I do not know much about Theodore Roosevelt but these words of his resonate with me.
It is not the critic who counts; not the man who points out how the strong man stumbles, or where the doer of deeds could have done them better. The credit belongs to the man who is actually in the arena, whose face is marred by dust and sweat and blood; who strives valiantly; who errs, who comes short again and again, because there is no effort without error and shortcoming; but who does actually strive to do the deeds; who knows great enthusiasms, the great devotions; who spends himself in a worthy cause; who at the best knows in the end the triumph of high achievement, and who at the worst, if he fails, at least fails while daring greatly, so that his place shall never be with those cold and timid souls who neither know victory nor defeat.1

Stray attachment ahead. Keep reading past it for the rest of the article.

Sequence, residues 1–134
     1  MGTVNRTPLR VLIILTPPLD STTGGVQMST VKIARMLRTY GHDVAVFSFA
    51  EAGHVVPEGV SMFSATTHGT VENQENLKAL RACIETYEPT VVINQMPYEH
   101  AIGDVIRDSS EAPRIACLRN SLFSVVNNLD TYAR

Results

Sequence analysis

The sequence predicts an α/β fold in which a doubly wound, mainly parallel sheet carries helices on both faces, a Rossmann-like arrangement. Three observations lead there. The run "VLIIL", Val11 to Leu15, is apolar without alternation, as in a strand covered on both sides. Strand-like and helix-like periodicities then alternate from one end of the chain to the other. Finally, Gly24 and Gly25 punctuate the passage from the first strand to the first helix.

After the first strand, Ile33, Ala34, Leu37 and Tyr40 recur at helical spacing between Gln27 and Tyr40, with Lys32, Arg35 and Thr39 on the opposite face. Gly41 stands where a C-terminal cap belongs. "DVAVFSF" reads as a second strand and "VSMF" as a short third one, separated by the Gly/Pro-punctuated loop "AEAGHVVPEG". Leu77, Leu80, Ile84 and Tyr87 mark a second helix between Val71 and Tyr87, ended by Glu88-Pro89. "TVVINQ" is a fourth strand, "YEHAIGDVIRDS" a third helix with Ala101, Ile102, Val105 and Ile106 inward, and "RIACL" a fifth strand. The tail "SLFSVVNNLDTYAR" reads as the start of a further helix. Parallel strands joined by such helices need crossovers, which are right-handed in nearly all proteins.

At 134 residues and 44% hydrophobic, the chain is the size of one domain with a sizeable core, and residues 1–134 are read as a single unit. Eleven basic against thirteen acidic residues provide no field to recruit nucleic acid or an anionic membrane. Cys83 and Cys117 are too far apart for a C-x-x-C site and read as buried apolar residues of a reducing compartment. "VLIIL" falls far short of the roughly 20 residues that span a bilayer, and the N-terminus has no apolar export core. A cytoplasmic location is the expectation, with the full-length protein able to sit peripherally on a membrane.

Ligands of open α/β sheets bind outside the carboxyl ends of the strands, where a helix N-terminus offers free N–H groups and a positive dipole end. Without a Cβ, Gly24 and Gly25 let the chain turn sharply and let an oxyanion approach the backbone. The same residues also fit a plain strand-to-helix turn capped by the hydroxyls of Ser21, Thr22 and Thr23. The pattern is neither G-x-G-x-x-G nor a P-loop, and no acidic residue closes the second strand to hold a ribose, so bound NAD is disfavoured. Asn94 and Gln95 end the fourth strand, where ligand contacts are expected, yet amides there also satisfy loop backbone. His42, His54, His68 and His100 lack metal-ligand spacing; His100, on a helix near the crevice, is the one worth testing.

I had breakfast this morning with a friend with whom I previously worked very hard. We were involved in an endeavor that was about risk and experiment; great joy and tremendous sorrow. It reminded me that I want to be one who is in the arena; even if it means I make mistakes and have failures. I want to spend myself in the worthiest of causes; even if I might fail while daring greatly. I have known both victory and defeat; I rejoice that I continue to learn from both.
1 Theodore Roosevelt, Citizen of the Republic Speech, April 23, 1910; (http://www.goodreads.com/quotes/7-it-is-not-the-critic-who-counts-not-the-man); also quoted in Daring Greatly by Brene Brown.